I have lots of ideas and concepts pop into my head but I am generally rigorous in whether they become projects or not. My interests prompt a lot of ‘what if’ scenarios, I think of archetypes and technological and moral questions, the representation of women is something I care about. And not just idealism in that respect. Women on the page and screen should be allowed to be wild. They should be allowed to smash barriers and break taboos. They should be beasts and monsters, take up space and throw punches. I find that a powerful question and I am drawn to the answers of that before concepts and it informs my work.
I was at the doctors yesterday and I made the mistake of not taking a book with me so was forced to look at a magazine. I know there are good solid pieces in magazines but there’s also some utter drivel in there. The women’s magazines especially, and I’m not thinking of Vogue et al because there is an art and aesthetic involved, nor am I referring to the low end true story magazines which are brilliantly insane. No, I’m referring to the likes of Grazia and OK, Cosmopolitan and their ilk that seem designed to patronize and make women feel insecure about themselves in equal measure. Men’s magazines are as dumb too, just they seldom prey on insecurity the way women’s periodicals do. There are great pieces in great magazines and I’m moaning for comedic effect but then I note how the internet is decimating sales and I’m concluding that it probably isn’t solely the fault of technology.
Finished it today as the pacing is so intense and I do read very quickly, also after Umberto Eco, it seemed to move faster than its predecessor. Two long bus journeys and a late night last night meant I finished the book this afternoon.
It is brilliant, a high concept but one grounded in character, reaction and tragedy. Lauren Beukes is a great writer, her exposition is smooth and seamless, her antagonist Harper is a more honest reflection of how serial killers actually are rather than they are portrayed in fiction and she brings out the palpable tragedy of women’s lives cut short rather than the sexualized corpse/punchline that seems to sum up so much of that style of book.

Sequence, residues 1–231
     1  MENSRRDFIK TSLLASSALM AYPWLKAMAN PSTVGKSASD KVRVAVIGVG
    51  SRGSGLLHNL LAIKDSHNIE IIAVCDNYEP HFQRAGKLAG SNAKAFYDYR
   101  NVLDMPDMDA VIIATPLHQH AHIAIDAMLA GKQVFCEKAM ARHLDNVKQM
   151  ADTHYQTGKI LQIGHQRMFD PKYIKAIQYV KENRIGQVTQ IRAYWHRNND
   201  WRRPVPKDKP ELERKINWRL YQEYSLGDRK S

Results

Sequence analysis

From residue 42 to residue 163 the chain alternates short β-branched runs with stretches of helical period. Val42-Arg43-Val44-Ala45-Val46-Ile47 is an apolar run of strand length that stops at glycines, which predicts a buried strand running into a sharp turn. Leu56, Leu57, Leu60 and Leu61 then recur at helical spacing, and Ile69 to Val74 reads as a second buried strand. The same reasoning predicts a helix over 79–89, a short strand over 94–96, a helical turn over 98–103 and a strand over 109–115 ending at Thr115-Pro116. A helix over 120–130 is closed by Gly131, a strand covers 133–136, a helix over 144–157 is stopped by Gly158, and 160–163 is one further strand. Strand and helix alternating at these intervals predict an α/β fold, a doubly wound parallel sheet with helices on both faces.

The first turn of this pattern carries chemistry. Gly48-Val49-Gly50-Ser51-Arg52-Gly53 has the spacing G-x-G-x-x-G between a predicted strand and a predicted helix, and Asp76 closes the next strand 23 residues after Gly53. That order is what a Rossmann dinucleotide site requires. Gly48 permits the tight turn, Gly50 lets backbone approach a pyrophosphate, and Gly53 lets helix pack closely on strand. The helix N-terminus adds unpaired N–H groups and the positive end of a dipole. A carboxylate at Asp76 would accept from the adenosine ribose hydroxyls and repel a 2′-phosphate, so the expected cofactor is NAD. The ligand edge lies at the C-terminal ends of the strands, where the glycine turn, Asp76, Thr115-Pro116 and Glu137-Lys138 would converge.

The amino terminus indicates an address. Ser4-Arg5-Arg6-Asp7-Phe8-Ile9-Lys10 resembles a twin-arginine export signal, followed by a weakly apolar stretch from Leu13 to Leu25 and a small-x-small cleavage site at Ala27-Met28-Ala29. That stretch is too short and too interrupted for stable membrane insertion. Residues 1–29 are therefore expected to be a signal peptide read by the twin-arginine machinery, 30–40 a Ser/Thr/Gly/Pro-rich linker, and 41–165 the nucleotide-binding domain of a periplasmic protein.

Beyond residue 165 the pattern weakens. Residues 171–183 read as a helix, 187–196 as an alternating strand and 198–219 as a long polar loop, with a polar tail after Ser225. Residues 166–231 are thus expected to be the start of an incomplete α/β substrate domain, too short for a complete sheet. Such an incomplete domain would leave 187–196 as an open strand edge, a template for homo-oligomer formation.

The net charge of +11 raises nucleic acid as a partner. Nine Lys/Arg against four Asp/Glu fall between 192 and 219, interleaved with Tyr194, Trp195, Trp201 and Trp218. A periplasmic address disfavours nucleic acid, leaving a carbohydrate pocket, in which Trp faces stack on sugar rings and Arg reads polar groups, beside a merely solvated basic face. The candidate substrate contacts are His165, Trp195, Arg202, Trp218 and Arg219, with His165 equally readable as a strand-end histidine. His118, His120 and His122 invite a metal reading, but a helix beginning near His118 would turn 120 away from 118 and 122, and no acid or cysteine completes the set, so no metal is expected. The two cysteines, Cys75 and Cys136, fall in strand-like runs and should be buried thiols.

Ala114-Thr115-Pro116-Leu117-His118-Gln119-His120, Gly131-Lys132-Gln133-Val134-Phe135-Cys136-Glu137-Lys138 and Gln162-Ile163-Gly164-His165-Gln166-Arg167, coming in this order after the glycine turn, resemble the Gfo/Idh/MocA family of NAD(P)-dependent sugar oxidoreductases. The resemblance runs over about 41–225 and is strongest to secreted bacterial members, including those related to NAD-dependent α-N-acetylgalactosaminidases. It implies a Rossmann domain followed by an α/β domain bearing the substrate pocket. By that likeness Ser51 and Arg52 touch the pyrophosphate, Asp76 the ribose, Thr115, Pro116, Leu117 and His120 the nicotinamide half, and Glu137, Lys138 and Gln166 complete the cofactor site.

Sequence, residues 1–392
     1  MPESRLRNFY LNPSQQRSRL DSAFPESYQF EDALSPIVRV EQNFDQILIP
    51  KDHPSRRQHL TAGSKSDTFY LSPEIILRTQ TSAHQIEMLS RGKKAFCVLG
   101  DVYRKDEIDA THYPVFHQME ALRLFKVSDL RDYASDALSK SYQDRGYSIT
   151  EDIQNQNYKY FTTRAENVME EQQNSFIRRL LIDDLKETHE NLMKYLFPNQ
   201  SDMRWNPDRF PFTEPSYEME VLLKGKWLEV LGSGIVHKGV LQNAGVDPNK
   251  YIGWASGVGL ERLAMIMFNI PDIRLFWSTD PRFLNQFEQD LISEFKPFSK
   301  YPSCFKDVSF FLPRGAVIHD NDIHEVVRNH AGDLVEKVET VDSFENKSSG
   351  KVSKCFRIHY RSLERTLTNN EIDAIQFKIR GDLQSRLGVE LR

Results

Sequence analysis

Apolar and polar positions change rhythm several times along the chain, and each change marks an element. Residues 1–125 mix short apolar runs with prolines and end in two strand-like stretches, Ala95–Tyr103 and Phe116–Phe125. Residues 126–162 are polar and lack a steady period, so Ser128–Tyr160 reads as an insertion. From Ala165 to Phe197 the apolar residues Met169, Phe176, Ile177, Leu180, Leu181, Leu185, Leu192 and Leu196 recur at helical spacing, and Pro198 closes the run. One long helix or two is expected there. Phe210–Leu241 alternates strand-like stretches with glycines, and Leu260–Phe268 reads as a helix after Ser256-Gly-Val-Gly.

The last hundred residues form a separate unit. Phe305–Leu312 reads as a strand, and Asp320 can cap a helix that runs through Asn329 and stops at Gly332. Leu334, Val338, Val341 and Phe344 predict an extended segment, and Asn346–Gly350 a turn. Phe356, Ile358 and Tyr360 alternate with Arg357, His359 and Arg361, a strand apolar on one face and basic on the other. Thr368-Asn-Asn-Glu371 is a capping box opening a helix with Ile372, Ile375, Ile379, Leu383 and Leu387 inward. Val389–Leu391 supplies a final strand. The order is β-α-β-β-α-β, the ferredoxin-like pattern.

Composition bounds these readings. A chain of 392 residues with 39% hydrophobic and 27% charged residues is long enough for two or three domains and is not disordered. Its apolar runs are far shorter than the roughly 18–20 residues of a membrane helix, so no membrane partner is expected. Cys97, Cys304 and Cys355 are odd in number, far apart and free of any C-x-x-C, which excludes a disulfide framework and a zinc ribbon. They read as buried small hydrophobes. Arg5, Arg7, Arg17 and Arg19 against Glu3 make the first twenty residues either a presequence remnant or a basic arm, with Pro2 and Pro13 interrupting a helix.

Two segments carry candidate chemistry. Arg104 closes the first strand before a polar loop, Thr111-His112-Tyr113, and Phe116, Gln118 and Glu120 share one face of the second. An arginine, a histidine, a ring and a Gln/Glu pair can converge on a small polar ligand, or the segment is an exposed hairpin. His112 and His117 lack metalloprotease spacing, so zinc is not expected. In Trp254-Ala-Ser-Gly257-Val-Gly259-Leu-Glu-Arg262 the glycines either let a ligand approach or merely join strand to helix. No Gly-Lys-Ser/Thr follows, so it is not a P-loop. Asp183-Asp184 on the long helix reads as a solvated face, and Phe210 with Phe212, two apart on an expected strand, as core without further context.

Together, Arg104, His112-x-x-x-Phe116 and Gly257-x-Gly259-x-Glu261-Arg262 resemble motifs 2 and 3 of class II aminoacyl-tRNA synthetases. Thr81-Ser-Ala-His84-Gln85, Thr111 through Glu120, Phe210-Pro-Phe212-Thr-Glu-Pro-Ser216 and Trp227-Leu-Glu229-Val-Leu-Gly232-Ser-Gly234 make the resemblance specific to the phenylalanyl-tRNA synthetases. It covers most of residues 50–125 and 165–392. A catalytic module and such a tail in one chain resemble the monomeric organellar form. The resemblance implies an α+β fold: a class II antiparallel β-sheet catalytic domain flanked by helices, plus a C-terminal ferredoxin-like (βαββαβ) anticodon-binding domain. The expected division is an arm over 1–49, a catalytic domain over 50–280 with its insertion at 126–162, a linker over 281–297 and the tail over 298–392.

The Shining Girls deserves the praise it received and Lauren writes with a jagged, compassionate energy that made me cheer on Kirby and Dan until the clever, careful ending and epilogue.
Next up is The Right Hand of The Sun by Anita Mason which looks interesting.
I write about sex and sexuality, from a woman’s point of view. That’s what the first book The Love We Make is about, a married woman having an affair with a single man who allows her to express herself sexually and I am exploring a similar theme in the new work, but part of that is also using concepts and ideas that I think are important in sexual relationships, and more importantly, making them invisible and also enticing.
Enthusiastic consent, for me, is equal parts negotiation and foreplay. It shows respect for everyone concerned, it creates trust and allows people to relax. Technically, I like using it because it creates the pacing that mimics the cycle of female arousal, a slow build, a long peak and a slow decline. Conversation, words are palpably sexy in the right mouth and as a writer, words are all I have to play with. The best seductions are ones where both parties are aware enough to know when they can let go without loss of reputation or integrity, which is something that gets forgotten or ignored for any number of reasons.
Boundaries are important to establish too. Although there can be a fantastical element to sex writing, part of the appeal is the gratification, I still like to work with boundaries, again it’s negotiation and what you say no to is as powerful as what you say yes to. You can be swept away so long as you know where you are going and where it’s safe to land afterwards. Emotional components, fear of loss, societal and cultural expectations, self image all make sex and sexuality a powerful, taboo set of emotions which is why I find it so interesting to write about.